“Why don’t you dance” is a short story by Raymond Carver. The short story takes place in the man’s front yard among his furniture. Clearly, the man is sad about something. I would say his wife has just passed away. As it is said in the text: ”His side, her side.” The man drinks a lot of whiskey, because he mourns her death. Therefore he sells or gives all his furniture away. Too many memories.
A young couple comes by and immediately becomes interested in the furniture. They try out the bed, the TV, and then the man shows up. He gladly wants to sell the furniture. And for 10$ less. The girl is very eager to buy the furniture. And as the girl says: "Whatever they ask, offer ten dollars less. It's always a good idea." She seems like a bright and happy girl. From what she says, she must be from the working class. She knows how to bargain. The boy seems nice too. He is very curious about the house and furniture, so that means he is vigilant and smart. Although he is just like any other man, and “falls in love” with the TV. The style of writing is very detailed in the beginning of the short story. But Raymond Carver does that on purpose. He wants to show the reader that the man stands with his whiskey in his hand, looking out into the yard. “The mattress was striped and the candy-striped sheets lay beside two pillows on the chiffonier. Except for that, things looked much the way they had in the bedroom—nightstand and reading lamp on his side of the bed, nightstand and reading lamp on her side.” The man has put the bedroom furniture in the yard just like it was in the bedroom. He misses his wife, and tells the reader his own way.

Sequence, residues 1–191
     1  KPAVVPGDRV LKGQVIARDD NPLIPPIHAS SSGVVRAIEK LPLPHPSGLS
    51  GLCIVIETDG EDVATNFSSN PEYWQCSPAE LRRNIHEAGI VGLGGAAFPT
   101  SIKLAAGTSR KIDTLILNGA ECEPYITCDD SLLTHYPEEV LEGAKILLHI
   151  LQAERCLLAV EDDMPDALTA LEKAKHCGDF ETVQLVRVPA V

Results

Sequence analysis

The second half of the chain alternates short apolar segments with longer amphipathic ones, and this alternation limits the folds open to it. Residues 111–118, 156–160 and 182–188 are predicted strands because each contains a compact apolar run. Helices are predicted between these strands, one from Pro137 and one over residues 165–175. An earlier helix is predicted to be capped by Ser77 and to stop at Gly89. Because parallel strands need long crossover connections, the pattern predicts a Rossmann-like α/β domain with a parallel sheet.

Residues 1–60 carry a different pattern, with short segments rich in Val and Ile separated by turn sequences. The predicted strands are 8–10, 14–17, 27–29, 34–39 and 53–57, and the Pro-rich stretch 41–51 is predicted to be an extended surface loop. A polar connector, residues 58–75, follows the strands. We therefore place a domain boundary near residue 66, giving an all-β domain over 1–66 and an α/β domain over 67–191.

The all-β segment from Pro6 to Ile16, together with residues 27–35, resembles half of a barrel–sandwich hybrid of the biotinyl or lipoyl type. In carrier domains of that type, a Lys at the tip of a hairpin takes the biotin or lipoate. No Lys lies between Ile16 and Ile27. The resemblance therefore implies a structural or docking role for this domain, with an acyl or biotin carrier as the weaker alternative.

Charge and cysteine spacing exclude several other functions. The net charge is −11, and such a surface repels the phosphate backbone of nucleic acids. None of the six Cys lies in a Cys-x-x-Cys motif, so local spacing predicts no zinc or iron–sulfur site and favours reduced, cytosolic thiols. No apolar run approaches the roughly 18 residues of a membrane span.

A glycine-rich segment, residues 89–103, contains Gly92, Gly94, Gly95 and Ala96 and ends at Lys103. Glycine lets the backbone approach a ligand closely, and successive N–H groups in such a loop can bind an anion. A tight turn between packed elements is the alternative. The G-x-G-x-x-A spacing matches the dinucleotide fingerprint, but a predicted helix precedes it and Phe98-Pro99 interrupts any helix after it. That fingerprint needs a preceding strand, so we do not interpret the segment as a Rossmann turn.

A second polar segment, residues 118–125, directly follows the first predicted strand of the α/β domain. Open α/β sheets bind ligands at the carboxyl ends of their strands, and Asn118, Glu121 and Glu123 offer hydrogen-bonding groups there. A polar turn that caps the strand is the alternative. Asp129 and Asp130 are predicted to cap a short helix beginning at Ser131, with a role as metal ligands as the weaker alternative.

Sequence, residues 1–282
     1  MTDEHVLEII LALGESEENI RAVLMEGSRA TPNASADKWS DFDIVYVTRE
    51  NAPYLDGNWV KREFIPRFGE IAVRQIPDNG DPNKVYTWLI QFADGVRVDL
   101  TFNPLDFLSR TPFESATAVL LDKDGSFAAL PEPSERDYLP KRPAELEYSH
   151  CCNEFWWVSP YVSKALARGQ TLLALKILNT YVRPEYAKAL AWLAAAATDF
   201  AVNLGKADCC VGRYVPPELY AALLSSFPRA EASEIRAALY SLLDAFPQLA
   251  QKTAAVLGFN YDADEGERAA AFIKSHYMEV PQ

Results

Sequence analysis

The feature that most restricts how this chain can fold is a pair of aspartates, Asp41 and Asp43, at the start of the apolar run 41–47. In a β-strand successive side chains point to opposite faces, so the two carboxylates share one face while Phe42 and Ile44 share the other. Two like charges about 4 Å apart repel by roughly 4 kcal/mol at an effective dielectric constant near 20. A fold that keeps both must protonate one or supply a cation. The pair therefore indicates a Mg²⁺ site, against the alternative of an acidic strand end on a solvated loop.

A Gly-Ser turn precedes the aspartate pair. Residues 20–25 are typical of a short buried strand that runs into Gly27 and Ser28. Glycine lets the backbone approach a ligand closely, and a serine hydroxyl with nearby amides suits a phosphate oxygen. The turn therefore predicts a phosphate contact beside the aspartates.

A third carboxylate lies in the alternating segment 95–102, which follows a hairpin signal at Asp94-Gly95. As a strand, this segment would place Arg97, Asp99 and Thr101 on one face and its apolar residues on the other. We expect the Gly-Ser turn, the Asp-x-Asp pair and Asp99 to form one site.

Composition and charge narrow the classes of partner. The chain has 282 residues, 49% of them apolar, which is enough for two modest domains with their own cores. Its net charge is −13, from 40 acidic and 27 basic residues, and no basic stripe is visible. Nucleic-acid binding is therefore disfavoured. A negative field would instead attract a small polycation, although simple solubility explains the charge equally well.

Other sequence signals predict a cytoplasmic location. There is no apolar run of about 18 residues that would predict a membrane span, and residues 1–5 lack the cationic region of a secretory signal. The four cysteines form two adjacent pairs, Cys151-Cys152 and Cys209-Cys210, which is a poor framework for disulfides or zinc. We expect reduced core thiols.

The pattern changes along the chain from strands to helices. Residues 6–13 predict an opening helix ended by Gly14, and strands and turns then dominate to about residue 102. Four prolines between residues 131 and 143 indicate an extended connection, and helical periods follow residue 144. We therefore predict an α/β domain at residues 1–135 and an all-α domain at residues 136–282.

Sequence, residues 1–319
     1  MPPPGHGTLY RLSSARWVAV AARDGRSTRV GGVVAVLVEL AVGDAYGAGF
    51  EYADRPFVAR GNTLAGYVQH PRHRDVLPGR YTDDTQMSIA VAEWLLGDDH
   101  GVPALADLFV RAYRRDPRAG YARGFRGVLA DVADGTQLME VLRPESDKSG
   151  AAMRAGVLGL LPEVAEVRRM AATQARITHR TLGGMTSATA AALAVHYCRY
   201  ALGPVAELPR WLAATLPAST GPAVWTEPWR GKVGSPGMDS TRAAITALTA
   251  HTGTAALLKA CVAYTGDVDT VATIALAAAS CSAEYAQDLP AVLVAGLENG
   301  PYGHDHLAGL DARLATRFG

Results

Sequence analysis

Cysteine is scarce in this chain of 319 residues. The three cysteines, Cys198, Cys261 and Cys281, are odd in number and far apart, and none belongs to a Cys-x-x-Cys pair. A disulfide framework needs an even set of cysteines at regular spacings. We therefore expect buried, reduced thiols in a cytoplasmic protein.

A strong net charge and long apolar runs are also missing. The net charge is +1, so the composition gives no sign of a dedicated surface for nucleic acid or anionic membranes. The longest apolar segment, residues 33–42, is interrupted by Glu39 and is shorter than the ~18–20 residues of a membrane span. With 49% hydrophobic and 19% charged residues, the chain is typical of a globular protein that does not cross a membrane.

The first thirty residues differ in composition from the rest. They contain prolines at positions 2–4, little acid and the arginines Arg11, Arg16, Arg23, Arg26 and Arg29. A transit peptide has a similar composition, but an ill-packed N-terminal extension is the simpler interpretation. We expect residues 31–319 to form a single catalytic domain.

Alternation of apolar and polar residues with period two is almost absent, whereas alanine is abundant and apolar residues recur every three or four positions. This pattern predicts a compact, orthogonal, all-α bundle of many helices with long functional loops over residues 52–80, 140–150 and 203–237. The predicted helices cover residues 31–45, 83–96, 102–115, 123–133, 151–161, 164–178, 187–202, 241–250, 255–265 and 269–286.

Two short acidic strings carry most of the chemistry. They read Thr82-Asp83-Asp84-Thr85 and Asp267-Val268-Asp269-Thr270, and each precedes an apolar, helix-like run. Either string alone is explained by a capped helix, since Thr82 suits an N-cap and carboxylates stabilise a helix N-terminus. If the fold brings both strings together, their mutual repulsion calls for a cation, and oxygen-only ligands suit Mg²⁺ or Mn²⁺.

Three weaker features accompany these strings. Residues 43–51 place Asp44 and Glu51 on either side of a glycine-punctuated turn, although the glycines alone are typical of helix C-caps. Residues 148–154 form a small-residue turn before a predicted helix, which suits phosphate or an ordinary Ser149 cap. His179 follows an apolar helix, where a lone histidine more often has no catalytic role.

The mood of the short story is clearly sad. Grey, darkness, never-ending memories. The man lives in his memories now, and he has nothing left. That might be the reason why he wants to get rid of his furniture. He wants to get rid of the memories of his wife and the pain inside him. This is the last...